There will be two public preview performances, on November 30 and December 1.
Ticket prices range from $25 – $65 for adults, $25 – $59 for seniors, and $19 – $33 for children and students.
Group discounts are available for parties of 10 or more.
For a complete schedule and tickets, visit ChesapeakeShakespeare.com or call the Box Office at 410.244.8570.
Box office hours: Tuesdays-Fridays, 11am-3pm, and 45 minutes before every performance.
MEDIA CONTACT: Jean Thompson, Communications Manager, 410.244.8571, ext. 116, or 443-845-6130 or Thompson@chesapeakeshakespeare.com
A Legendary Queen
The fiery courtship of Anne Boleyn and King Henry VIII rends their nation in the splendid and surprisingly topical play Anne of the Thousand Days by Maxwell Anderson, October 21 through November 13 at Chesapeake Shakespeare Company.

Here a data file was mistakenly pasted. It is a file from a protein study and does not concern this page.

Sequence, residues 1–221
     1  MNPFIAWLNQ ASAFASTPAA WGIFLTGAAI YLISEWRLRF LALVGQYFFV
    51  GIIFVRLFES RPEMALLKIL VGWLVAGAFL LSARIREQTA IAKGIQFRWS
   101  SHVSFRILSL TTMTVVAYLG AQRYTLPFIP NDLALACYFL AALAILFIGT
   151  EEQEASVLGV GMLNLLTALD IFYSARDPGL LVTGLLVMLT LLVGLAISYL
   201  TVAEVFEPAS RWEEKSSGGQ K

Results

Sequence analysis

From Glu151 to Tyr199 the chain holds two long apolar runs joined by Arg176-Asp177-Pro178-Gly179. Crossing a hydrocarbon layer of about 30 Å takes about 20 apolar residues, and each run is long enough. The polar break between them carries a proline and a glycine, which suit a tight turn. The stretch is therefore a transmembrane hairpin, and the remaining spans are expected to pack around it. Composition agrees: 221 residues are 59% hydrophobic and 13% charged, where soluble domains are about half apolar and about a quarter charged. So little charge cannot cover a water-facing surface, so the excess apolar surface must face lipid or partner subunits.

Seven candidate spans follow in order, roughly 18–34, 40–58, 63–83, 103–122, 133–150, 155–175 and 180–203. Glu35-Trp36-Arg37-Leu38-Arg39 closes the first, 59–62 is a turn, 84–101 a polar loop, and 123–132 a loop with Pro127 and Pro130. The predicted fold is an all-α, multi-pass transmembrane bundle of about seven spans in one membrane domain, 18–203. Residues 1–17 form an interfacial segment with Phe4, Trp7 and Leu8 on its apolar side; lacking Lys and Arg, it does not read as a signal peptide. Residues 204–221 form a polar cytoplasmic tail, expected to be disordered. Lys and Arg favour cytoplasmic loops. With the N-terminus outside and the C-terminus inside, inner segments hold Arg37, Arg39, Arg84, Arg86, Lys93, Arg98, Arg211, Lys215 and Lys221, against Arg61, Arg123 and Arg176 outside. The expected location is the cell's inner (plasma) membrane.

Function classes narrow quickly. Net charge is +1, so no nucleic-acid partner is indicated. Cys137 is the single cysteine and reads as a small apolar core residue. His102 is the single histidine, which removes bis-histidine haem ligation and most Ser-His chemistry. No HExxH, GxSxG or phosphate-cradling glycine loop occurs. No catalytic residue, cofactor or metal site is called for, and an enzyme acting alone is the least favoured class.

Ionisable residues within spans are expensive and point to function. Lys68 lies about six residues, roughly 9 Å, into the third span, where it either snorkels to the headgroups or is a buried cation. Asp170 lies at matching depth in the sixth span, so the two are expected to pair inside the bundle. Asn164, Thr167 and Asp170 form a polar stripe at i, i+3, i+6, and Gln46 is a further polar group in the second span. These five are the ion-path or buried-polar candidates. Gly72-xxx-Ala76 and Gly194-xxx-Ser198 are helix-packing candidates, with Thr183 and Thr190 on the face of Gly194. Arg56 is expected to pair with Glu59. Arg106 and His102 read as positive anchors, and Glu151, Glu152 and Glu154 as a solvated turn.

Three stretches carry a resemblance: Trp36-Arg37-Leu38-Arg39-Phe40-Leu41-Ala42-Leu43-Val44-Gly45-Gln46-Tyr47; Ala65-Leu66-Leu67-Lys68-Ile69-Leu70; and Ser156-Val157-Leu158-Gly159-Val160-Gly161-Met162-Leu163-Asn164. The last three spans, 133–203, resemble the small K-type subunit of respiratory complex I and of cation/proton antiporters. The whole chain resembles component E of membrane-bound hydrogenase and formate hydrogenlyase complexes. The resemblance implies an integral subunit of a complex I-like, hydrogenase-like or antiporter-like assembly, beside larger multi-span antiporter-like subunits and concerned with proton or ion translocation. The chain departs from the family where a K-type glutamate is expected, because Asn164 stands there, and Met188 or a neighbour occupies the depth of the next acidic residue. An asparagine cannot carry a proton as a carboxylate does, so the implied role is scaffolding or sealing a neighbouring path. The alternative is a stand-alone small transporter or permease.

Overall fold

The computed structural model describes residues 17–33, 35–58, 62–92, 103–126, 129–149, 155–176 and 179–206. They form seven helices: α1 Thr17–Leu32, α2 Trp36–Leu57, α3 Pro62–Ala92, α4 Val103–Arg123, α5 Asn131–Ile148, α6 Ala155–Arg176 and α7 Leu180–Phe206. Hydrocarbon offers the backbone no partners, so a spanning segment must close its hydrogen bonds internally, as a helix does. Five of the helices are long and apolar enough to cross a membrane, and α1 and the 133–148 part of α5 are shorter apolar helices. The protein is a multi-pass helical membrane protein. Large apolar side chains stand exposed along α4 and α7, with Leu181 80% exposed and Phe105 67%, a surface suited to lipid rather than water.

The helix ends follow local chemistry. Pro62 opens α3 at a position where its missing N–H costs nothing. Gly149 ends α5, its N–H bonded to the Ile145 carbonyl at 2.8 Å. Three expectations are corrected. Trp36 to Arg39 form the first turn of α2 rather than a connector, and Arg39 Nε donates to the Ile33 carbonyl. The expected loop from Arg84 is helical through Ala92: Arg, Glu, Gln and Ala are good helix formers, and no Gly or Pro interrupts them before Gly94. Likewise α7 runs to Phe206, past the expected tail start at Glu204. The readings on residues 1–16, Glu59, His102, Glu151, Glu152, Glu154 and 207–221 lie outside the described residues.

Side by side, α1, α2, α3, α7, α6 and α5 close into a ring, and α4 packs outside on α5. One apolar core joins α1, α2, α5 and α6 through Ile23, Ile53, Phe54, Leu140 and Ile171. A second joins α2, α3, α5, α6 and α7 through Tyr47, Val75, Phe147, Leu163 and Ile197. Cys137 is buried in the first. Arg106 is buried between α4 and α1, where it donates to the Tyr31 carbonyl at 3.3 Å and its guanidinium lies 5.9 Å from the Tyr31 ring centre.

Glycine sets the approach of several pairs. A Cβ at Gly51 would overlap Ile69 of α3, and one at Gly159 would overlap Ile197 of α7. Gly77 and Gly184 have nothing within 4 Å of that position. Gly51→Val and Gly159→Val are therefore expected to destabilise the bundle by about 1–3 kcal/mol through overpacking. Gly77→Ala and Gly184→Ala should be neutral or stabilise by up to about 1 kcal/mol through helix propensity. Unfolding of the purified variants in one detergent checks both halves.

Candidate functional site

Anderson gives Boleyn her due, capturing her duality as both a victim of the womanizing Henry VIII and as a leader of a changing England. Audacious, sparkling, intelligent, obstinate Anne refuses the advances of the most powerful man in England, gambling everything in her bid to be more than a mistress. At great cost, she becomes Henry VIII’s second and most legendary queen.
Anne of the Thousand Days is about Henry and Anne’s passionate and ultimately tragic love story. Though written in 1948, its theme of women and power is surprisingly current.
“When I chose Anne six months ago, I could not have predicted the recent headlines of the political campaigns,” says Lesley Malin, Managing Director at the theatre company and producer of the play. “Those issues are powerfully reflected in this particular play, with its protagonist declaring, ‘I, too, can say no,’ to a predatory and controlling monarch.”